If you are interested in this music or the city, this disc is one for you.

Extras include six bonus music performances, seven extended music performances, David Spizale: ''A New Orleans Rescue'' and Jon Cleary ''A History Of New Orleans Piano''.

And finally we have Andrew Horn's We Are Twisted F***ing Sister (2016), looking at one of the more enduring 'hair bands' of Rock Music's 1980s period, one that many feel killed the genre and.or its dominance on the music scene, along with the Classic Rock trend and the end of Grunge. Running 134 minutes (!), this is actually a really detailed look at how the band slowly came together, the troubles they had on the way and how they finally found success as MTV was on the rise. All the band members are interviewed, including outspoken lead singer Dee Snyder, who never holds anything back.

Again we learn more inside industry goings on and get rare film, video and music clips throughout. Even if people (the press, more 'serious' Rock fans and critics) did not take them seriously, they did and always respected their fans, never selling them out to their great credit. Even if you don't like their music or style, this I well done and if you give it a try, you might be surprised.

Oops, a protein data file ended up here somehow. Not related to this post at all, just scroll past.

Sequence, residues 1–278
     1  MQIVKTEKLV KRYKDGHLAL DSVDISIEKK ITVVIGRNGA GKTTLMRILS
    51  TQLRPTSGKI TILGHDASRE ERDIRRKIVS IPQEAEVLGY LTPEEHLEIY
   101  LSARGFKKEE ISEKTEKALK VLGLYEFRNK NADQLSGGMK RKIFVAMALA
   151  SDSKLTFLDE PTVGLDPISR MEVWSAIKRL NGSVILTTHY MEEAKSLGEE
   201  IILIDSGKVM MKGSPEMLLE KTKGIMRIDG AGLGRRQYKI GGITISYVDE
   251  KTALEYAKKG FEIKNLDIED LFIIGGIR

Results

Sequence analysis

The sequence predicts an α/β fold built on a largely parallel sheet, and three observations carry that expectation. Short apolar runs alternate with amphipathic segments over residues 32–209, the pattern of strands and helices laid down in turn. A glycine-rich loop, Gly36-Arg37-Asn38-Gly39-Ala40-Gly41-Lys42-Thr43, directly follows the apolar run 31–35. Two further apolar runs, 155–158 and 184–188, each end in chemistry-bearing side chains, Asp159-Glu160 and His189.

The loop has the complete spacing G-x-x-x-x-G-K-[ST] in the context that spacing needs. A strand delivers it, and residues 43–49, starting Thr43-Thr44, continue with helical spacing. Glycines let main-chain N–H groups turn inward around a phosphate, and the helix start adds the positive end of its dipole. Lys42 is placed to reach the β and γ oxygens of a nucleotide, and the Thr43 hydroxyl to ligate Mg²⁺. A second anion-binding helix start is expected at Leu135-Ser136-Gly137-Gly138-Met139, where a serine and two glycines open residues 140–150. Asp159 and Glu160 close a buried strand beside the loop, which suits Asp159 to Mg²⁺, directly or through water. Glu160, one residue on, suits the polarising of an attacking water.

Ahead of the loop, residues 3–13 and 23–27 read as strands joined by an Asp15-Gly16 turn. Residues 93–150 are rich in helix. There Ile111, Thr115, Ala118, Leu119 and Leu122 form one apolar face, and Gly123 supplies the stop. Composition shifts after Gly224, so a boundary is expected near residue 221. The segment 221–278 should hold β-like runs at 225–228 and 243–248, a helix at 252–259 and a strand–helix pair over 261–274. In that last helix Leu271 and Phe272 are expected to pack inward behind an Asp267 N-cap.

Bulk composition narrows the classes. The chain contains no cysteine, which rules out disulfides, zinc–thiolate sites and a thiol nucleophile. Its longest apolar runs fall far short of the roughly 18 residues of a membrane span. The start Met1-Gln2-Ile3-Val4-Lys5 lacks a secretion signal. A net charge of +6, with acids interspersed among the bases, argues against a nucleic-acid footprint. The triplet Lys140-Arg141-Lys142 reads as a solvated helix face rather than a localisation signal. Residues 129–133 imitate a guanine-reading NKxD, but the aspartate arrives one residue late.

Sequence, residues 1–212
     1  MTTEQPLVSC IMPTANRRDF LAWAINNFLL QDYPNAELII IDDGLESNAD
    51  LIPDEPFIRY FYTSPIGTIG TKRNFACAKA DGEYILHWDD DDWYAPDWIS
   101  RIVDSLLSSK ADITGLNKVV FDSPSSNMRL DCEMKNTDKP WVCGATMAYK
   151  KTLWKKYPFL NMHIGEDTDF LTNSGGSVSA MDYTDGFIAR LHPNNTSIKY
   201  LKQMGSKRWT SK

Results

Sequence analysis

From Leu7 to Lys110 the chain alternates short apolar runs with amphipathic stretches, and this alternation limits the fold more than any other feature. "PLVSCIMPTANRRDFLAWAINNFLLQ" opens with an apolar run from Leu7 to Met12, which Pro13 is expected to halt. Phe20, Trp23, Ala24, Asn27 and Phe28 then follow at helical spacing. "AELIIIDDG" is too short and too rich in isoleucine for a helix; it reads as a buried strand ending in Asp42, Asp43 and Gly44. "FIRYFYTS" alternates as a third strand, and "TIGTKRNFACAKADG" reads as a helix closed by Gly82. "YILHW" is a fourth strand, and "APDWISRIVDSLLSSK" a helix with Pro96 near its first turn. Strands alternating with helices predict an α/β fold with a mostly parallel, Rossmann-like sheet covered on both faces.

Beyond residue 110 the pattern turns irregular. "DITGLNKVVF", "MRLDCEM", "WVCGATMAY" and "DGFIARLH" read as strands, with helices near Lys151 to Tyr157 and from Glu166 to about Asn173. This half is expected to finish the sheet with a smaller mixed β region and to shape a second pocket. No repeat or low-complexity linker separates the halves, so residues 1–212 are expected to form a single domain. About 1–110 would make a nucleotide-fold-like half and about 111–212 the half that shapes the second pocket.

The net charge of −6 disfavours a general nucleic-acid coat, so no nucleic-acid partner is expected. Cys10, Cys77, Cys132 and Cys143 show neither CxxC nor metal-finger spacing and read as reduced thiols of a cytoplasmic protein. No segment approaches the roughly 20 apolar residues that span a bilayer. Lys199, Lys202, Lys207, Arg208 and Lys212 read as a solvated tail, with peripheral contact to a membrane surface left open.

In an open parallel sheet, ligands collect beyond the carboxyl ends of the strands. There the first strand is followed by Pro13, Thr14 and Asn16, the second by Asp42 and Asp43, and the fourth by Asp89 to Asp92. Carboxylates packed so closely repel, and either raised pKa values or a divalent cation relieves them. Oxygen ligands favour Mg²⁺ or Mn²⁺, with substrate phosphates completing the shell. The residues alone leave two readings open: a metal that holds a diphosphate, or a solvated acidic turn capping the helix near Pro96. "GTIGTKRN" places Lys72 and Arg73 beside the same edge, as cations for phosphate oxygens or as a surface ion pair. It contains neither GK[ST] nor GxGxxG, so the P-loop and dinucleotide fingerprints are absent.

Extras include five hours of extra interview and film/video clips, plus an feature length audio commentary track by Director Horn. For more on the band live that we've covered over the years, try out starting with this link...


The 1080p 1.85 X 1 digital High Definition image on Beatles just surpasses the 1080p 1.78 X 1 digital High Definition image transfers on Exile (mostly with new footage) and Twisted (with plenty of old analog video footage) as the best picture performer on the list, though in the case of all the clips, they can show the age of the materials used, but Director Howard and Apple Corps had the funding for extensive restoration and it shows. All new footage in all three cases are HD shot and where applicable, analog videotape flaws include video noise, video banding, telecine flicker, tape scratching, PAL and/or NTSC cross color, faded color and tape damage. Some film clips can look rougher than others and not just by the way they were shot, but this is to be expected from such documentary productions.